Winning design revealed for new library at London's brutalist Thamesmead estate
Architecture studio Bisset Adams has won a competition to design a lakeside library and community centre in southeast London, as part of a major overhaul of the brutalist Thamesmead estate.
Bisset Adams will build the Southmere Village Library to the south bank of Southmere Lake, right beside the the sprawling concrete housing estate that was made infamous by the film adaptation of Anthony Burgess' A Clockwork Orange.
The building forms part of a new masterplan for the area, put forward by housing association Peabody, to create 1,500 new homes ahead of the arrival of Crossrail.
Bisset Adams was selected ahead of proposals by Reiulf Ramstad Arkitekter, Adam Khan Architects, Keith Williams Architects and Architecture 00 in a competition run by Peabody, the London Borough of Bexley and the Royal Institute of British Architects.
Its winning proposal is for a library modelled on a swan's nest.
The library will be constructed from cross-laminated timber and is expected to cost up to £5 million to complete. The building will also include a learning space at ground level, with the potential for health and wellbeing areas on the upper floor.
"We wanted to create a design which tells a story about the lake and the environment. We also wanted it to be fun," said Bisset Adams director Iain Johnston. "The concept was inspired by the swans nesting by the lakeside."
"We used the pattern of a swan's nest as a texture for the perforated cladding of the cantilevered upper box, which faces out to the lake and created a bed of reeds for screening the children's library from the main space."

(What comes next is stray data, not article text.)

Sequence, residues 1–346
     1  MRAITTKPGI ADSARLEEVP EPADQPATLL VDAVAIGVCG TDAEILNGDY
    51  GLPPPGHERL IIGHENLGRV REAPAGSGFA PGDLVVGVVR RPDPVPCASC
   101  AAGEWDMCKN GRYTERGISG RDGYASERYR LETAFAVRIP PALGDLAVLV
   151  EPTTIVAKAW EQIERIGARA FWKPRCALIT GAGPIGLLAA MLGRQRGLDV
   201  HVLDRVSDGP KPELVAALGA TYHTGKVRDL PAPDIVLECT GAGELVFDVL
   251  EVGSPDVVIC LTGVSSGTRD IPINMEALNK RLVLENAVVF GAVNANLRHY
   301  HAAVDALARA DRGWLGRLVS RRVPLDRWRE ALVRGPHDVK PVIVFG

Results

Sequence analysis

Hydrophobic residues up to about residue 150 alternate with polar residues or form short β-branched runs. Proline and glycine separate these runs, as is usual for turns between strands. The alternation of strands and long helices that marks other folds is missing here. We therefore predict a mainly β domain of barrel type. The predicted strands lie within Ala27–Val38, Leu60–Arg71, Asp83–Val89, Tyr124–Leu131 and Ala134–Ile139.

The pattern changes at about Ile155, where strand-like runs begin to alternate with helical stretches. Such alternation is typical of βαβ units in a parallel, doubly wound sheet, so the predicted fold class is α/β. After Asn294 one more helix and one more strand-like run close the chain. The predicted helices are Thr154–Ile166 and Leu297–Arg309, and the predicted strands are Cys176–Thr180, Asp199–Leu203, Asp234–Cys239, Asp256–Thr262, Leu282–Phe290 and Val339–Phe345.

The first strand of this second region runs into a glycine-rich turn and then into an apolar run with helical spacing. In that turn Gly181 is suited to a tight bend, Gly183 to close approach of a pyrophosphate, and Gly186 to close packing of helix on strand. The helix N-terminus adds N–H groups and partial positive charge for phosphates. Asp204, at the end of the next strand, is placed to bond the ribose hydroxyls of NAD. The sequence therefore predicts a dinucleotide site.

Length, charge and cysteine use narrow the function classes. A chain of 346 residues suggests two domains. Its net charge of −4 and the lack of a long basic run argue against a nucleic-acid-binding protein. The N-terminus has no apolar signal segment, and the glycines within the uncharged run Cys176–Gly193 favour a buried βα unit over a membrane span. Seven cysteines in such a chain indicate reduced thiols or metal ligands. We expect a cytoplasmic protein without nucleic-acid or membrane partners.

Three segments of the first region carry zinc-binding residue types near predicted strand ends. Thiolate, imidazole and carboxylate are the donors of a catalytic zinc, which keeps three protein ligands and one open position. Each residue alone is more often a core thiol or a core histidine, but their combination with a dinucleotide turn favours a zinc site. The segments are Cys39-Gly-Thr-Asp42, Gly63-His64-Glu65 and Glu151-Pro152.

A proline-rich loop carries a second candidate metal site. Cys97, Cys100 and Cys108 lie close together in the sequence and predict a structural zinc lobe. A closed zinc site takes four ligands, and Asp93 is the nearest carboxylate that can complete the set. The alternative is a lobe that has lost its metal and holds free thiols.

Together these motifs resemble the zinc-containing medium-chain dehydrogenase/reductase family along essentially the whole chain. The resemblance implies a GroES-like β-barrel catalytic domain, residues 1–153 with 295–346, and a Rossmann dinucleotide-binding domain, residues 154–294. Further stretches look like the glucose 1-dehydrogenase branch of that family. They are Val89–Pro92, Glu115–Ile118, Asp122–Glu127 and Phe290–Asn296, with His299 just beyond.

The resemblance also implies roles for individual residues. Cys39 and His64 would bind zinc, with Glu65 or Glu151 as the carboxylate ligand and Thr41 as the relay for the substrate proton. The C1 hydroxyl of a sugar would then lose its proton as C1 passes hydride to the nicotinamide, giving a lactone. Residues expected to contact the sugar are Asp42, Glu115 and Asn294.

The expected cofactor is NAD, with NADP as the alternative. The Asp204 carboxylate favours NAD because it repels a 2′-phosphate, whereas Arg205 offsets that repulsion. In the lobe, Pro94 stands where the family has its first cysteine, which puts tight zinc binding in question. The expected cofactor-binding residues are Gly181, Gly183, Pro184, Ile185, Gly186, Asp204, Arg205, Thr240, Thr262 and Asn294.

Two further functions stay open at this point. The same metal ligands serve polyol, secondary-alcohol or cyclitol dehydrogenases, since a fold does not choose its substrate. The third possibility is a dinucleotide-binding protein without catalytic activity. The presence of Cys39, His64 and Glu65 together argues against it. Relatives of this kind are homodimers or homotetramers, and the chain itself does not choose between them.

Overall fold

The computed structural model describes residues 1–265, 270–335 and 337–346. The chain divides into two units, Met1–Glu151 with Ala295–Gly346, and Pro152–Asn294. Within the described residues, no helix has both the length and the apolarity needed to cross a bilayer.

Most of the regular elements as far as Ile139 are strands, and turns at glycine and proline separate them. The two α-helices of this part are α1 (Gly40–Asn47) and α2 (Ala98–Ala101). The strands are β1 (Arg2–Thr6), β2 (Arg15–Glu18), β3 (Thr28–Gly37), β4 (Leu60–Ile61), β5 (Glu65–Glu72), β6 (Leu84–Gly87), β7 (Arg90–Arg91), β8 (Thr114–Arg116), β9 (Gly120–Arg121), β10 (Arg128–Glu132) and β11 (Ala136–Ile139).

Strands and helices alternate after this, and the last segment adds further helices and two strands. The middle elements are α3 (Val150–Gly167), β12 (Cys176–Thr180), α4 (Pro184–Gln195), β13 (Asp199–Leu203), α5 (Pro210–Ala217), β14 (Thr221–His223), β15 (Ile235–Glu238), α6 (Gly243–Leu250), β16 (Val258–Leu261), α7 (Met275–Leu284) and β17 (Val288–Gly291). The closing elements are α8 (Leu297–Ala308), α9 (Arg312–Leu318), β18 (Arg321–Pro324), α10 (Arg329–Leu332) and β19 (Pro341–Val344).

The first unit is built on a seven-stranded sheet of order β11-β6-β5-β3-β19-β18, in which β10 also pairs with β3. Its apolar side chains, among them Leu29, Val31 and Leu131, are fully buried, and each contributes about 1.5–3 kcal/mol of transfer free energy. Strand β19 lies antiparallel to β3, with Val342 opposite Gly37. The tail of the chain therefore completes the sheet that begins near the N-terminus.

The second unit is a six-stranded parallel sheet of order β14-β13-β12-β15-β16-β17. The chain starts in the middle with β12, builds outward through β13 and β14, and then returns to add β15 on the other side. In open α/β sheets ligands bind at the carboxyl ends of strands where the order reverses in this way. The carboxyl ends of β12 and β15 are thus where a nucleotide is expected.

Built on the south bank of the River Thames in the late 1960s, Thamesmead estate was designed by Greater London Authority architect Robert Rigg.
Peabody, the main landowner at Thamesmead, expects to invest £1 billion to redevelop the area in the next 10 years.
Plans for Southmere Village Library and the surrounding housing, known as Southmere Village, are part of wider plans to build 20,000 new homes in the area.
Overseeing the masterplan for Southmere Village is Proctor and Matthews Architects, which is working with a team of architects and designers including Mecanoo and Turkington Martin.
Various demolition works are taking place at Thamesmead estate make way for the new library and homes. Structures set to be razed include the footbridge connecting the Wolvercote Road area to Southmere and Tavy Bridge, and the New Acres Library.
Crushed concrete from these demolition works will be re-used in the creation of Southmere Village.
"South Thamesmead estate will be refurbished and sits outside of the housing zone – the housing zone needs to be complete by 2024 but likely before that," Peabody's Benjamin Blades told Dezeen.
"[There will be] some demolition and rebuild in the housing zone with additional density. Across town – it's massive – we have another housing zone and a huge 11,500-home scheme in the Greenwich side of Thamesmead, which will not require any demolition."
Peabody expects to submit Southmere Village Library for planning permission in spring 2018, with the building opening as early as 2021.
"I think this highlights the level of investment and commitment both Peabody and the London Borough of Bexley are making to Thamesmead, but more importantly it shows that this is not just about building new homes," said John Lewis, Peabody's director for the Thamesmead regeneration scheme.
"This is about enhancing Thamesmead for the existing community, making a fantastic place to live, study, work and visit."
Southmere Village is to be set 10 minutes walk from Abbey Wood station, which will be served by the Elizabeth Line of Crossrail – a new rail service linking London with southeast England – from December 2018.
Once complete, the Southmere Village Library Building will stand opposite Thamesmead's newly refurnished Lakeside Centre, where Peabody is working with Bow Arts to run a space for residents working in the creative industries.
The centre and library are among a new wave of cultural buildings being integrated into brutalist housing estates across the UK.
Last week Carmody Groarke unveiled plans for a new arts centre and studios at the Park Hill in Sheffield as part of a significant overhaul of the 1960s estate by the developer Urban Splash.